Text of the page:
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The history of books starts with the development of writing, and various other inventions such as paper and printing, and continues through to the modern day business of book printing. The earliest history of books actually predates what would conventionally be called "books" today and begins with tablets, scrolls, and sheets of papyrus. Then hand-bound, expensive, and elaborate books known as codices appeared. These gave way to press-printed volumes and eventually lead to the mass printed tomes prevalent today. Contemporary books may even have no physical presence with the advent of the e-book. The book also became more accessible to the disabled with the advent of Braille and spoken books.
- 1 Clay tablets
- 2 Papyrus
- 3 East Asia
- 4 Pre-columbian codices of the Americas
- 5 Wax tablets
- 6 Parchment
- 7 Paper
- 8 Middle Ages
- 9 Printing press
- 10 Contemporary era
- 11 Reading for the blind
- 12 Academic discipline
- 13 Gallery
- 14 See also
- 15 References
- 16 Selected Resources
- 17 External links
Clay tablets were used in Mesopotamia in the 3rd millennium BC. The calamus, an instrument in the form of a triangle, was used to make characters in moist clay. People used to use fire to dry the tablets out. At Nineveh, over 20,000 tablets were found, dating from the 7th century BC; this was the archive and library of the kings of Assyria, who had workshops of copyists and conservationists at their disposal. This presupposes a degree of organization with respect to books, consideration given to conservation, classification, etc. Tablets were used right up until the 19th century in various parts of the world, including Germany, Chile, Philippines and the Saharan Desert.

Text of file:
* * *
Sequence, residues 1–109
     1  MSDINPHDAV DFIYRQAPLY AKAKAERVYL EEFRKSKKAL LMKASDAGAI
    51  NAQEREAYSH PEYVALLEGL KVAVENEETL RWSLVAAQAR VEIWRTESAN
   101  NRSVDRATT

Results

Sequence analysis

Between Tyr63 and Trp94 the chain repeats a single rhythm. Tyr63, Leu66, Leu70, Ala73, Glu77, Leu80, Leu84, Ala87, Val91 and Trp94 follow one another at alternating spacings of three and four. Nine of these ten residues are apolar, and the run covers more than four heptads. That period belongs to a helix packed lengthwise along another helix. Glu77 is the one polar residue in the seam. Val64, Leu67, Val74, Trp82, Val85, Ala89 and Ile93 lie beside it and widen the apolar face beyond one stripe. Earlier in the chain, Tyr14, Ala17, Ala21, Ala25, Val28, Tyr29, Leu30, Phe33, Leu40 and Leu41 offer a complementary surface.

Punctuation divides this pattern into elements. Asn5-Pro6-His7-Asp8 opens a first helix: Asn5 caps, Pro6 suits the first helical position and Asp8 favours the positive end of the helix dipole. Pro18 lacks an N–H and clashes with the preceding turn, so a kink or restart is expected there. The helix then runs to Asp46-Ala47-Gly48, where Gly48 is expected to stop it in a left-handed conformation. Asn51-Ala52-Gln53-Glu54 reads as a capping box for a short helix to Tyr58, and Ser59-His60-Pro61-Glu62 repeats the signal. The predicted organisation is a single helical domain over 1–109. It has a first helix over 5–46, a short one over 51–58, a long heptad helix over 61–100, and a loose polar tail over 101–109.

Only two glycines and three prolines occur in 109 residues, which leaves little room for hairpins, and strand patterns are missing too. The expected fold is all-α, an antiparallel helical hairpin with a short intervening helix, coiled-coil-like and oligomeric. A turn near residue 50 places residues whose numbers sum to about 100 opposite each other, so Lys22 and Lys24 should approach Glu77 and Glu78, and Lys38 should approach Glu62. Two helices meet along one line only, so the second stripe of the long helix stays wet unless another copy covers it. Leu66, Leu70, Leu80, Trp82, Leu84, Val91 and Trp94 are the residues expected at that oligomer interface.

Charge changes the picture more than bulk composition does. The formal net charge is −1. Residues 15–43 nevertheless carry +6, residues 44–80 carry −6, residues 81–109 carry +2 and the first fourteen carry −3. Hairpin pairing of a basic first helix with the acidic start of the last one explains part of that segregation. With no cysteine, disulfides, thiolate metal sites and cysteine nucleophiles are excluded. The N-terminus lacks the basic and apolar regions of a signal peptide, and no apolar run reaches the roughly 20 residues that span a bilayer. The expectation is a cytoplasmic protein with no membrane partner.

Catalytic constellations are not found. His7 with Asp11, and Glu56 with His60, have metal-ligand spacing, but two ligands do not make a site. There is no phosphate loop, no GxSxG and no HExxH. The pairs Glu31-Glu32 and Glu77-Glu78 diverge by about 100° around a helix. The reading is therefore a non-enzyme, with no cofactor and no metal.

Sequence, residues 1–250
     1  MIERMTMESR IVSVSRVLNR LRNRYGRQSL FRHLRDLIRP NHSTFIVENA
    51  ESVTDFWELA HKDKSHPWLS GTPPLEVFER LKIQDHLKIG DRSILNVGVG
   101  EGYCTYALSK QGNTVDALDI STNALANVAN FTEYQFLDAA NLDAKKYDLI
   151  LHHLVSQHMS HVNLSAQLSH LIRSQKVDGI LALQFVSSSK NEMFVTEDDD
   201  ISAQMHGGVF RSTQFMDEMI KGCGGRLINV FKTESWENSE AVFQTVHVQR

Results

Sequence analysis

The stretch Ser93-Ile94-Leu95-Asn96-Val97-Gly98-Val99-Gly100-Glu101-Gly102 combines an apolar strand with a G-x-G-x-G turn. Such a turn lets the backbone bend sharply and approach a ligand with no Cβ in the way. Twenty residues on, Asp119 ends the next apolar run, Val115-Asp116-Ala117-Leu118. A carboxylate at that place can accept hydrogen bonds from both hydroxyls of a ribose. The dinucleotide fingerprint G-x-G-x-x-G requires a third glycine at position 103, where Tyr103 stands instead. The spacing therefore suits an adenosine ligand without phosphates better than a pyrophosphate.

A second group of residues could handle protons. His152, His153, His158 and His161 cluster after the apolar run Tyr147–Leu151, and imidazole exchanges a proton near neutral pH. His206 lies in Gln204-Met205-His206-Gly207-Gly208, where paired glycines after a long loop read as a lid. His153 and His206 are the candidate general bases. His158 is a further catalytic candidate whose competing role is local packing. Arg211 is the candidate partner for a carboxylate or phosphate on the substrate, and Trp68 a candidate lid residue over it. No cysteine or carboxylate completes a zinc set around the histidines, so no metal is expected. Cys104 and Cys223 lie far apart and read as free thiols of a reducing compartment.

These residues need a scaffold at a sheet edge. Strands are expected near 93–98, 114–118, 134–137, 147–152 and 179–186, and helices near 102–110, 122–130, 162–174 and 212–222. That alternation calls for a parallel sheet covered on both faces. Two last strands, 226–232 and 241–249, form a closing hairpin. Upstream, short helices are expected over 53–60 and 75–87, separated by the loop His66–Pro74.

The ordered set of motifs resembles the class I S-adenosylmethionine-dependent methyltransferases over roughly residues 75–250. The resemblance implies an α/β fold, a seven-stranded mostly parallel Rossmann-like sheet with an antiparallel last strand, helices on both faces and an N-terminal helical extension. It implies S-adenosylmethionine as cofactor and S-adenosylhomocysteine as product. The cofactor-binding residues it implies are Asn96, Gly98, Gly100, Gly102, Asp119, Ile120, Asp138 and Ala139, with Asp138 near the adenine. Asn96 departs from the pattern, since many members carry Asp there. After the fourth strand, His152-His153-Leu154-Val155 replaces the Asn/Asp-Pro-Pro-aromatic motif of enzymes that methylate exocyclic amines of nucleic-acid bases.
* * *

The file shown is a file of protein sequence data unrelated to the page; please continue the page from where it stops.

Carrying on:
Cuneiform and Sumerian Writing
Writing originated as a form of record keeping in Sumer during the fourth millennium BCE with the advent of cuneiform. Many clay tablets have been found that show cuneiform writing used to record legal contracts, create lists of assets, and eventually to record Sumerian literature and myths. Scribal schools have been found by archaeologists from as early as the second millennium BCE where students were taught the art of writing.
After extracting the marrow from the stems of Papyrus reed, a series of steps (humidification, pressing, drying, gluing, and cutting) produced media of variable quality, the best being used for sacred writing. In Ancient Egypt, papyrus was used as a medium for writing surfaces, maybe as early as from First Dynasty, but first evidence is from the account books of King Neferirkare Kakai of the Fifth Dynasty (about 2400 BC). A calamus, the stem of a reed sharpened to a point, or bird feathers were used for writing. The script of Egyptian scribes was called hieratic, or sacerdotal writing; it is not hieroglyphic, but a simplified form more adapted to manuscript writing (hieroglyphs usually being engraved or painted). Egyptians exported papyrus to other Mediterranean civilizations including Greece and Rome where it was used until parchment was developed.